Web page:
With helping clients for 27 years transition from working, to not working, there are some steps to consider when preparing. Most are excited, some are nervous, and a few are scared. Usually though, it’s not the finances that has someone scared, but time and how to fill it. After working 40-50 hours a week for years it can be difficult to pivot away from that activity to something else.

Here are some ideas to consider as one approaches retirement.

1. Can you ease into retirement?

Flexibility is key and may be the ultimate driver of happiness for many people. Having something to do part-time still gives us a purpose to get up every day while opening up hours of free time when not working full time. This can also assist with protecting your savings and delaying any calls for distributions from your investments. Longer-term…reducing the need for cash from your investments can be a nice benefit of part time work or consulting. Some of my happiest clients have been easing into retirement for years with no real goal of stopping.  They have time to travel, hang with family, long weekends, combined with the ability to make a little money when other family members are tied up working anyway.

With that being said, away from the finances having something to do every day can still be very rewarding. Being busy can keep the mind and body going.

2. “You can’t enjoy wealth if you’re not in good health” – Anonymous

This one is obvious, but now with extra time available in the day, be sure to make getting your body and mind back in shape. Some of the more frequent activities we hear about from our retired clients include: pickle ball, hiking, walking (around the block) or walking (forest preserves), stretching routines, pilates, yoga, morning reading on the porch with coffee, swimming at local gym, tennis, golf, lifting weights, and jogging. If you don’t do any of these now, pick just one and try it for a week.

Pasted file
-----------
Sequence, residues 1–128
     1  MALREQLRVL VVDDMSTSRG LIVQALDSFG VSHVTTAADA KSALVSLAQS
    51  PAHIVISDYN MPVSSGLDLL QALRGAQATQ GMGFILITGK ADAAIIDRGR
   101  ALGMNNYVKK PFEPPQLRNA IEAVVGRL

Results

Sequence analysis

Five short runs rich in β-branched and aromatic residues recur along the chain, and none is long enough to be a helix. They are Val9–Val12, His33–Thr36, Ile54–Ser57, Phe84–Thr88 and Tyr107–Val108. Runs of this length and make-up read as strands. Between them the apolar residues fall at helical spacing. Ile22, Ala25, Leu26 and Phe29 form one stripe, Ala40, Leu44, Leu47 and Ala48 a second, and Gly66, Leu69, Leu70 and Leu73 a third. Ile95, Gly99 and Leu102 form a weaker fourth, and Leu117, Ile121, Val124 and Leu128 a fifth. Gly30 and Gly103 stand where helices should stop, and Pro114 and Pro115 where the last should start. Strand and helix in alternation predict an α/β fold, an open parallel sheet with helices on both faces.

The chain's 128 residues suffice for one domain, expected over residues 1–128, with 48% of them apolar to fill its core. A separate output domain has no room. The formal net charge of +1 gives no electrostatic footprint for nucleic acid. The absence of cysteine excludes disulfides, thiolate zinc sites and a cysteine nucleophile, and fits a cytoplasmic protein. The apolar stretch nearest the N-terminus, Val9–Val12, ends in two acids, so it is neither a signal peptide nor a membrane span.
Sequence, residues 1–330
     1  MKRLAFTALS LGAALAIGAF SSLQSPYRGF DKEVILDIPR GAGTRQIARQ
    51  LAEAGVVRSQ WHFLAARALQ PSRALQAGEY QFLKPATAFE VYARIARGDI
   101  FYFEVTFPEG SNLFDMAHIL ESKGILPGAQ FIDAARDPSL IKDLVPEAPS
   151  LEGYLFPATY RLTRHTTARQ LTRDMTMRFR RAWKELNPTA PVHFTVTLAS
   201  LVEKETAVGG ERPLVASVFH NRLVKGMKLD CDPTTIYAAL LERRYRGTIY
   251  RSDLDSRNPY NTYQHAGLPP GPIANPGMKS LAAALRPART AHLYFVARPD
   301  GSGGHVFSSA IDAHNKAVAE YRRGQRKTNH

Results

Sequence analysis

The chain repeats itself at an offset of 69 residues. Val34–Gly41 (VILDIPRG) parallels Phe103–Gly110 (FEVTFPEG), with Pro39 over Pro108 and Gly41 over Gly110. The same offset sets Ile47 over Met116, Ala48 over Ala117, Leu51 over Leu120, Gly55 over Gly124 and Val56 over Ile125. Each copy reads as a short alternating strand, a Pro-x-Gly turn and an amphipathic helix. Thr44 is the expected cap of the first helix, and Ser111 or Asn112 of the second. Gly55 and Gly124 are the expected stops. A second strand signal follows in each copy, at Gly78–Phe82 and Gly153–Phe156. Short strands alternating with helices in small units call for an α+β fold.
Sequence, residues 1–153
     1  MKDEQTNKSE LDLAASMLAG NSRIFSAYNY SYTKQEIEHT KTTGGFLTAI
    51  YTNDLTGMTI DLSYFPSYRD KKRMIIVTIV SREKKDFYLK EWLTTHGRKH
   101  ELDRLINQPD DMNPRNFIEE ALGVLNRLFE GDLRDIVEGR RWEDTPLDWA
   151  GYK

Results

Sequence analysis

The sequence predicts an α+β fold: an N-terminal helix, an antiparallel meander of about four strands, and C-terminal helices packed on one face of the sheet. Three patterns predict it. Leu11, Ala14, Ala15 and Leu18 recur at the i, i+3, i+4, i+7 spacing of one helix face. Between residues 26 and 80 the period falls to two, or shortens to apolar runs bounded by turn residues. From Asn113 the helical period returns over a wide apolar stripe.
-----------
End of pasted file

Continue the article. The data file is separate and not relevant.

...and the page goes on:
3. Plan smaller trips in the beginning

Some clients have the image of a larger European vacation on their minds when they initially think of celebrating being retired. In reality, I’d say the majority actually do something pretty small regardless of asset level. Most tend to visit a family member or friend who’s moved away over the years and they are just looking to catch up. With all the extra time, no better time to go see a friend you don’t often get to see. Others may opt for the national parks or visiting a new city within driving distance.

This is one of those flexibility items that is great about being retired. Even smaller trips can be incredibly rewarding emotionally as they provide purpose, allow you to stay connected, and can be relatively low cost. Having no time restriction is a major win and smaller trips or activities are easy to schedule. In the event that you may be nervous of not having a normal work paycheck in the beginning too, a small trip or weekend getaway is a fun way of easing into being retired.

4. Keep up with friends and your community

Stay involved as much as you can. You’ve spent years together with either work groups, neighbors, friends from kids past activities, etc. Don’t ditch them now that you’re no longer working (you can ditch your boss 😊). Be careful not to fall into the trap of too much TV, endless honey-do lists, re-organizing all the closets, etc. You’ve had friends for all your life…here’s an opportunity to expand those relationships.

Another area to consider is volunteering. There are many organizations out there in desperate need of help. Think of what keeps you motivated and see if there’s a group around that can use your talents.

There was a recent documentary on Netflix called “Live to 100: Secrets of Blue Zones” and without giving too much of it away, there were common traits of those who lived longer lives around the world. Just a hint…sense of purpose and community were strong traits of living longer. A couple of clients recommended this program to me and I’d agree, it’s worth checking out.

5. Plan to Rise Above®

You probably didn’t expect to see our tagline as an item. Yes, the final item to consider when approaching retirement is that you also need a plan if you want to rise above the noise and stress of the markets, household finances, the news media, where will monthly income come from, how to maximize lifestyle in retirement, protecting your heirs, etc.

There are countless studies that remind us that those with a plan not only fare better financially in retirement, but also emotionally feel more confident about their situation. If you’ve been flying by the seat of your pants so to speak, consider talking with an advisor to help you build a plan that will address your big picture issues.

Phil Guerrero, President & Wealth Advisor

Phil Guerrero, President & Wealth Advisor